Unfortunately Harvard prospect Alex Fallstrom is unable to participate in the on-ice drills due to an injury suffered late in the season while playing for the Crimson, but the other 22 Bs prospects were out on the ice showing the future is indeed bright in Boston while enjoying continuous success at the NHL level.
Dougie Hamilton looks, sounds and acts like a cornerstone NHL defenseman ready to learn at the feet of Bs captain Zdeno Chara, and capable of becoming the same kind of offensedefense hybrid producing 25 quality minutes per game.
Ryan Spooner might need some seasoning and strengthening at the AHL level, but his offensive skills, hands and playmaking were off the charts Thursday afternoon among the best and brightest Bs prospects.
Malcolm Subban was leaping and energetically flying from post-to-post while challenging shooters, and showing the kind of competitiveness and fire Boston is used to seeing between the pipes as six goalies compete throughout camp.
Alex Khokhlachev might have been the most promising forward of all as a 19-year-old Russian that will either be playing in the KHL or the NHL as a skilled scorer already ready to jump to the next level as a teenager.
That doesnt even mention Jared Knight, Matt Grzelcyk, Brian Ferlin, Torey Krug or Tommy Cross as Bs prospects that have stood out in the past, and are fully capable of developing into NHL players someday soon.
The development camp is perhaps one of the best examples the Bruins can put forth about all that they stand for as a hockey organization, and the tough-minded, proud mindset that is the Bruins Way the grinding, blue-collar, hard-edged philosophy that allowed them to win a Cup two seasons ago.
The hockey syllabus ranges from the way Bs players are expected to comport themselves on the ice, the dos and dont of Twitter as an NHL players, and everything in between.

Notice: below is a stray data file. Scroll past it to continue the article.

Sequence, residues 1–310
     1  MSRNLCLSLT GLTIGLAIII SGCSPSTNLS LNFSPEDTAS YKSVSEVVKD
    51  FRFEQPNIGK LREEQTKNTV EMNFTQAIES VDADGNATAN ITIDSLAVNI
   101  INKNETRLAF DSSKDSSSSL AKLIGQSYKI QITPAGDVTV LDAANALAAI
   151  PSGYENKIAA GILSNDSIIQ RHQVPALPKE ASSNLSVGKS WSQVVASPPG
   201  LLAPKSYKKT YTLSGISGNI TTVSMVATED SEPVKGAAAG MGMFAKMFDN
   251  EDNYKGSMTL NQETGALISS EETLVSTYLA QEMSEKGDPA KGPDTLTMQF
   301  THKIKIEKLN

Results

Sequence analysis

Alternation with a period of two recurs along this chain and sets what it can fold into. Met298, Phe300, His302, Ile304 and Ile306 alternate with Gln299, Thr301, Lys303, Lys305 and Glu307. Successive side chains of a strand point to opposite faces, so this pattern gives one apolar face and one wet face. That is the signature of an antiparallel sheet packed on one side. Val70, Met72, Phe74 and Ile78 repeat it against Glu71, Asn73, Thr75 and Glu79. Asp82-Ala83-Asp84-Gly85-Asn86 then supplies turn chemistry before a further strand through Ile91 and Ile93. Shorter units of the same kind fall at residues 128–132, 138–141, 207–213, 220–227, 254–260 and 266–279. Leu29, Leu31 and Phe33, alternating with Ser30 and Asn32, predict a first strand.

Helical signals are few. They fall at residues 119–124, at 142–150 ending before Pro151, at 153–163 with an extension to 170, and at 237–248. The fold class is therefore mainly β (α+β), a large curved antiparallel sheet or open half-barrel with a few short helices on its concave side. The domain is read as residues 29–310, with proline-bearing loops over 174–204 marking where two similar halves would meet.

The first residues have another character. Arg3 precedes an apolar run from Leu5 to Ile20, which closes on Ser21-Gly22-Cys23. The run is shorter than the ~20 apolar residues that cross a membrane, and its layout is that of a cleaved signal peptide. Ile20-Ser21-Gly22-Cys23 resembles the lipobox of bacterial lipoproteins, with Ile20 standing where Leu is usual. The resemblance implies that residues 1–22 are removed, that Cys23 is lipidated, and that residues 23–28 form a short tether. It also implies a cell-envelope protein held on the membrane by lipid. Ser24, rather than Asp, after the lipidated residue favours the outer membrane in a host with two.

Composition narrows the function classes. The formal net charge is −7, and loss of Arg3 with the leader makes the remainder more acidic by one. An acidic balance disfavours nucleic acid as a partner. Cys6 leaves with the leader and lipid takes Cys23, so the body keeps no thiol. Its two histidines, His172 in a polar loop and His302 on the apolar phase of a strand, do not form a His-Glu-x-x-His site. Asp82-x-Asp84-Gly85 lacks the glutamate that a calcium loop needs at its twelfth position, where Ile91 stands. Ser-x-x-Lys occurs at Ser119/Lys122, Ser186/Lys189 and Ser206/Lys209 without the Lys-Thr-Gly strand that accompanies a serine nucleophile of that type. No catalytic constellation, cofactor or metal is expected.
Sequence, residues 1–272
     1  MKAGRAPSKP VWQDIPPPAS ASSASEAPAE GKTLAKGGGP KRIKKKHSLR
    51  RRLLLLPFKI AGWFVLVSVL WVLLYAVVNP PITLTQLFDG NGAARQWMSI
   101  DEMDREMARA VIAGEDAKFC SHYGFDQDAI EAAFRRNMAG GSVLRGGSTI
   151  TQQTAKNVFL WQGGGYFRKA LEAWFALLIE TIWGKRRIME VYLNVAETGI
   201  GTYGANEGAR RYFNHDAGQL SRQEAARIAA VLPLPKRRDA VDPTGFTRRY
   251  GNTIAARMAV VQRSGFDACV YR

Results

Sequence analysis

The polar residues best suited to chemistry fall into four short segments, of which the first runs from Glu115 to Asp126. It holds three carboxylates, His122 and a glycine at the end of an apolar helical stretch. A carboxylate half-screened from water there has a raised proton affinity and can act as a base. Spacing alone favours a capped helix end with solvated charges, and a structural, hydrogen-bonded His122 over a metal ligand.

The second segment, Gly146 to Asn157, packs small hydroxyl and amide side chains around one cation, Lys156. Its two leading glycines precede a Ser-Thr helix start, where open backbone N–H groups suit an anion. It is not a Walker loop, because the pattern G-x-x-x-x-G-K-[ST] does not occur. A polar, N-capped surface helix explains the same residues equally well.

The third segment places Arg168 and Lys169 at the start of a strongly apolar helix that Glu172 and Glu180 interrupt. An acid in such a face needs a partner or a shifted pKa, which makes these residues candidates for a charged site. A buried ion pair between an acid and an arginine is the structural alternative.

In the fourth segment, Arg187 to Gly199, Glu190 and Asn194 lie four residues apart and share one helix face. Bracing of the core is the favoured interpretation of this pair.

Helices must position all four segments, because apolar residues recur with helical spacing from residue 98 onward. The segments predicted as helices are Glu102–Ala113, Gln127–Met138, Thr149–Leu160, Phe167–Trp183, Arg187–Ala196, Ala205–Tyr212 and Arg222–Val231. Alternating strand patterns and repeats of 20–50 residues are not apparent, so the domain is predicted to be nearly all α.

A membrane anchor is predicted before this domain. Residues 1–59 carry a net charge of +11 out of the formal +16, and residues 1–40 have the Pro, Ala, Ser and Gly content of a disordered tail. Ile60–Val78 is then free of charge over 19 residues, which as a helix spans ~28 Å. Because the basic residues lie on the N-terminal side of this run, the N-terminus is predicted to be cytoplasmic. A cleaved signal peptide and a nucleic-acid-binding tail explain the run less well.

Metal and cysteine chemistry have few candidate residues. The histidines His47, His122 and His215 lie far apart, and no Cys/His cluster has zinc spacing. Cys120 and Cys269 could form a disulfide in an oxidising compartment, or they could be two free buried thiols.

The best part about this camp is that everybody in the organization pitches in, and pulls their own weight from the simplest things like getting lunch to guys running on-ice drills or John Whitesides running the off-ice stuff, said Sweeney. I love that aspect of the camp, and the kids take notice of that and they love it.
Im grateful the organization supports it and everybody chips in. Theres no one way to run it whether its with Matt Chmura preparing them for questions the media might throw at them, or the social media stuff which continues to be an important part of all our lives and has so many twists and turns to it that all these kids need to be exposed to and educated on.
Sweeney and the Bruins have come a long way from that first grueling week in July with a group of fresh-faced Bruins prospects that transformed into bearded Cup champions over the course of five years.
But one thing that will never change: the steady flow of hungry, young hockey players that show up in Wilmington every summer ready to make their mark on a Black and Gold organization ready to embrace them.